Non-cooperation is a form of non-violent protest. The basic strategy of non-cooperation is a refusal to participate in the social, political, and economic institutions that engage in unfair or oppressive practices. The refusal to participate can take different forms including strikes, boycotts, and other forms of non-violent obstruction.
Goals of Non-Cooperation as a Protest Technique
The primary goal of non-cooperation is to deny or deprive the opponent of the fruits of aggression of an unjust social, political, or economic order. The specific goals include material and non-material objectives. Examples of non-material objectives include undermining the opponent’s political authority, ideology, and legitimacy. Examples of material objectives include provoking economic hardship and so forth. Industrial strikes and similar acts of obstruction illustrate both of these points.
Provoking a Dilemma
The acts of non-cooperation produce social, political, and social consequences that challenge the opponent’s power and authority. The acts of non-cooperation confront the opponent with a dilemma. Leaving the acts of non-cooperation unpunished threatens the opponent’s hold on power. Punishing the acts too harshly further undermines the opponent’s legitimacy domestically and in the eyes of the world community.
The Stay at Home Approach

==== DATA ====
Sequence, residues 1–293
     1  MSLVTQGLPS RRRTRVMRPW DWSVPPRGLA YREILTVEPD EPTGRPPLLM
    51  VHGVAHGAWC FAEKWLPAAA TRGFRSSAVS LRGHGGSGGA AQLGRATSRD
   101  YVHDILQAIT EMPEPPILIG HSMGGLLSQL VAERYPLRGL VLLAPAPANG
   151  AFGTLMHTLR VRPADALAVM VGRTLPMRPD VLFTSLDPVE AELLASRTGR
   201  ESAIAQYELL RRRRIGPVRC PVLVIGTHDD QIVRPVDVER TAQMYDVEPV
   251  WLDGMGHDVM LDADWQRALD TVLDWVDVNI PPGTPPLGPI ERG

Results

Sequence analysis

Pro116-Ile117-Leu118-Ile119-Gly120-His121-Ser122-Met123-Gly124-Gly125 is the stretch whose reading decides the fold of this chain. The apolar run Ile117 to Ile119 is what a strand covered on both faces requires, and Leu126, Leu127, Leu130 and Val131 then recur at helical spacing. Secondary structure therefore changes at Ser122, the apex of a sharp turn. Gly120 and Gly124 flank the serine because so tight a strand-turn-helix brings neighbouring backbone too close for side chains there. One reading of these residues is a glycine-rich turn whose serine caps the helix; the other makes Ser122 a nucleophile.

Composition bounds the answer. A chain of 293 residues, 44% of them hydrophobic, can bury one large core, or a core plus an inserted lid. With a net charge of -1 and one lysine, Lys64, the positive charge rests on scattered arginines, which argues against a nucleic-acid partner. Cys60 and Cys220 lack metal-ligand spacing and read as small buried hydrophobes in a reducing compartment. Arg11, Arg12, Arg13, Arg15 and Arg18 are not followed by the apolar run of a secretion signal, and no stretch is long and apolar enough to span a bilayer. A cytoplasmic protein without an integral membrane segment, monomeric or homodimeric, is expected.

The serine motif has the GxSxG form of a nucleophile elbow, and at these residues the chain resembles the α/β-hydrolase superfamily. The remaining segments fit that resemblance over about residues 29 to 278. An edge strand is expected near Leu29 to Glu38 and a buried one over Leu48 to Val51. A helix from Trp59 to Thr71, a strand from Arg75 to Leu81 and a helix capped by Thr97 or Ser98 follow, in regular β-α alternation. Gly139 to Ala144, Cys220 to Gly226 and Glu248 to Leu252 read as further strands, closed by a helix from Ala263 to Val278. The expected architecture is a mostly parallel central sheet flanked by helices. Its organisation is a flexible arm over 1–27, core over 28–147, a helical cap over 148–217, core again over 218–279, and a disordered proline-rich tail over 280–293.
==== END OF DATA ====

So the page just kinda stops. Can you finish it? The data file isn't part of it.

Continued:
The most typical type of social withdrawal action is the strike or “stay at home approach. It usually occurs during working hour but it can be applied outside of working hours as well.
The Basic Method
The working population stays at home during a set period of time. The period is typically one to two days, however, the period of time can be much longer.
The goals are usually political, social, economic or a combination of the three
In some cases the social withdrawal action is the result of an organized effort. In other cases, its origins may be more spontaneous.
Advantages of Social Withdrawal as a Non-Cooperation Technique
It greatly reduces the risk of confrontation and injury. This in addition contributes to the attitude of non-violence among the participants.
The collective action of social withdrawal presents a united front to the opposition. This puts more pressure on the opposition to acknowledge and agree with the protesters’ grievances.
The Sri Lankian Example – The 1953 Hartal
The prototypical model for using withdrawal from social institutions as a form of political protest occurred in Ceylon (current day Sri Lanka) in 1953. A countrywide demonstration and strike, commonly referred to as “hartal” was organized to resist and protest the government’s policies of religious and ethnic discrimination. The Hartal was organized by the leftist Lanka Sama Samaja Party (LSSP).
The Norwegian Example
The Nazis are typically cited as a litmus test for non-violent resistance. The Nazis occupied Norway from 1940 to 1945 during World War II. One of the ideological tools used to support the regime was organized sporting events. The Nazis and the Norwegian fascist party, Nasjonal Samling, wanted to use the sporting events to represent faith, support, and acceptance of the “New Order.” Norwegians resisted the Nazi occupation by withdrawing their support from the government sanctioned sporting events.